National Portrait Gallery Director Marvin Sadik-the embattled acquisitor-has seen kinder times.
Sadik has, in recent days, been jilted, threatened, vilified. He's been compared to a plunderer and a Nazi. Because Sadik tried to buy (he has not yet succeeded) seven costly portraits, all by Gilbert Stuart, he finds, arrayed against him, forces as imposing as the mayor of Boston, the senior senator from Massachusetts, and, sharpening his pain, his sister institution, the National Gallery of Art.
Newspaper editorials from Washington, New York and Boston, all mentioning his name, are spread out on his desk. Time magazine is on the phone, it will not stop ringing. Why is Marvin Sadik smiling? I'm resolute," he says.
Sadik's young museum, which could surely use them, would like to pay the Boston Athenaeum $5 million for two famous Stuart paintings of George and Martha Washington. Sadik thought he had a deal. "Nineteen of the 20 Athenaeum trustees have noted for the sale. They are resolute, too," he says. But so is Boston's Mayor Kevin H. White, who does not mince his words.
White, who may or may not run this fall for renomination (he has not yet declared), has sued to stop the sale. mayor White has compared Sadik to Hermann Goering. The Athenaeum's agreement to sell its pair of portraits is "like the Louvre trying to sell the Mona Lisa to the Arabs," observed Mayor White.
"I don't mind being called an Arab. As it happens I collected Islamic miniatures and calligraphy-I love the stuff," says Sadik, who is Jewish. "But then the compared me to Goering, I did not expect the mayor to swing as wildly as that, I always thought he was a shrewd politican. I'm beginning to wonder," Sadik says.
Though Sadik says the Portrait Gallery has spent 14 months negotiating for the Athenaeum portraits, Mayor White contends he first learned of the deal when Gen. James Gavin telephoned him Thursday to call to his attention a story on the sale that appeared that morning on the front page of The Boston Globe.
"Where has Mayor White been?" asks Sadik.
Sadik says the negotiations were conducted between the Smithsonian Institution, the Athenaeum, and the Boston Museum of Fine Arts where the paintings have been displayed, on loan since 1876.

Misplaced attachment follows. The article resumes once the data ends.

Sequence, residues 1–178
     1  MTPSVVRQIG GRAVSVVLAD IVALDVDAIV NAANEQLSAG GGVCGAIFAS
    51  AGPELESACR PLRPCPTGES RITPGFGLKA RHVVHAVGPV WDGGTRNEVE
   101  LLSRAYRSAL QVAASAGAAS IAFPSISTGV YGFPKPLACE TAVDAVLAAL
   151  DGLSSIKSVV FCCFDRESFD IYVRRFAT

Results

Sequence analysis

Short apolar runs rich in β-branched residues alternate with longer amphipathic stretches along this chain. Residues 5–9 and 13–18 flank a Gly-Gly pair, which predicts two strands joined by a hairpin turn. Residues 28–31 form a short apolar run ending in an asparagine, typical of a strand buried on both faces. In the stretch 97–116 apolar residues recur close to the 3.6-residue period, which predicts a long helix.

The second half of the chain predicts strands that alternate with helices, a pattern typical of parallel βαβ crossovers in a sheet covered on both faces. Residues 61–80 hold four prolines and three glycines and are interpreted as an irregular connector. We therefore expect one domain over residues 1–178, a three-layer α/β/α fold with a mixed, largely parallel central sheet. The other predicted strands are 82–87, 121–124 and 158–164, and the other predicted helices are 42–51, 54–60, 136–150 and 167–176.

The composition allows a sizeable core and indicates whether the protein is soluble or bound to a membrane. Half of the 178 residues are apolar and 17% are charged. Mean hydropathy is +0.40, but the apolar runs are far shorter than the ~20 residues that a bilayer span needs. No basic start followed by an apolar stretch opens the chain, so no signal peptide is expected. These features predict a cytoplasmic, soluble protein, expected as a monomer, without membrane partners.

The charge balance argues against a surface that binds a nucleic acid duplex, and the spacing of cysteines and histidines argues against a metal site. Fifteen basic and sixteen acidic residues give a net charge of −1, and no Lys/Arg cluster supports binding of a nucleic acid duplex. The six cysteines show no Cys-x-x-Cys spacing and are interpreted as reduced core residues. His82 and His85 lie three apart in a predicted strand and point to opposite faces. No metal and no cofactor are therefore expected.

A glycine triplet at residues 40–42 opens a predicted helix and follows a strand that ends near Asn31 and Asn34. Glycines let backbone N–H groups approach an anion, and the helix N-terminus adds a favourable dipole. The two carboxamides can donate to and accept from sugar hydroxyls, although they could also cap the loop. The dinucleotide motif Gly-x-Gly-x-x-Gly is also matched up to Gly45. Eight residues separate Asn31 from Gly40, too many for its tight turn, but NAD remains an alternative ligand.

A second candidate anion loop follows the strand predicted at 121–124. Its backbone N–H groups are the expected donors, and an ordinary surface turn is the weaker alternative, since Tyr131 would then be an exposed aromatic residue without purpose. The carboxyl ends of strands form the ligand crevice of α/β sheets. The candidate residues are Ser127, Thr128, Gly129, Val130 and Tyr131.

"The Museum of Fine Arts was offered the Athenaeum portraits for $1.5 million four years ago," says Sadik. "Of course they knew they were on sale. They turned the offer down. Howard Johnson, the museum's president, sat in this office and agreed to an arrangement whereby we'd loan both portraits to Massachusetts for one year out of five for the next 50 years. Johnson told us the executive committee of his board had approved that arrangement. He said that he was confident his entire board would follow suit."
Noting "the mayor's quick thinking," The Boston Globe yesterday editorialized, "The case deserves to be heard on its merits and the mayor should be careful that it isn't tainted by charges that he is only acting to serve purely personal ends." The Boston Museum has 35 trustees. Since 1967, one of them, ex officio, has been Mayor White.
Sen. Edward M. Kennedy has called the $5-million sale "a tragedy." "That the Smithsonian hasthis sort of money burning a hole in its pocket should certainly be of interest to the congessional appropriations committees that oversee its budget," wrote Kennedy.
"Congress legislated the establishment of the National Portrait Gallery," says Sadik, who joined the gallery as director a year after it opened in 1968. Its collection was dowdy, its building untested, its mission-show historical portraits of esthetic value-far from easy. Sadik's colleagues agree that in building his museum, he's done a remarkably fine job.
"Many thought the task was hopeless," says Sadik. "For 10 years we've broken our backs-mounted exhibition after exhibiton, published publication after publication. But in the final analysis, no portrait gallery can be worthy of this country unless it has a permanent collection of the highest stature. The possibility that, through some miracle, we could acquire the Athenaeum portraits seemed the fulfillment of our destiny."
Sadik also tried to buy Stuart's last surviving matched set of the nation's first five presidents. For more than a year, he assiduously courted the family that owned them, the Coolidges of Boston. He met with Thomas Jefferson Coolidge IV, the owner of the paintings, his mother, his brother and his aunt. Sadik knew exactly where he'd hang them. Then he learned he'd lost the pictures to the National Gallery of Art.
"The loss saddened me," says Sadik. "The National Gallery already owned fine Stuarts of all periods, 34 in all. It is not as if they needed five more presidential portraits, all replicas at that.
The matched Stuart set has a market value of about $2 million. Coolidge has given the Washington portrait to the gallery. The Jefferson will hang there as a promised gift. The other three portraits, of Adams, Madison and Monroe, were bought by the museum, reportedly for $1 million.
"Am I disappointed? Yes," says Sadik. "Did they belong in the Portrait Gallery? Yes. I'm disappointed in Jeffy Coolidge-but it's a free country. He decided to place them in the National Gallery. I'm disappointed that Carter Brown let him."
Sadik's gallery has won high marks for the quality of its publications and exhibits. Once the weakest sister among the Smithsonian's museums, it now appears ready to compete with the giants. "You keep working, you keep trying," saysSadik. "What else is there to do?" CAPTION: Picture, Marvin Sadik, by Fred Sweets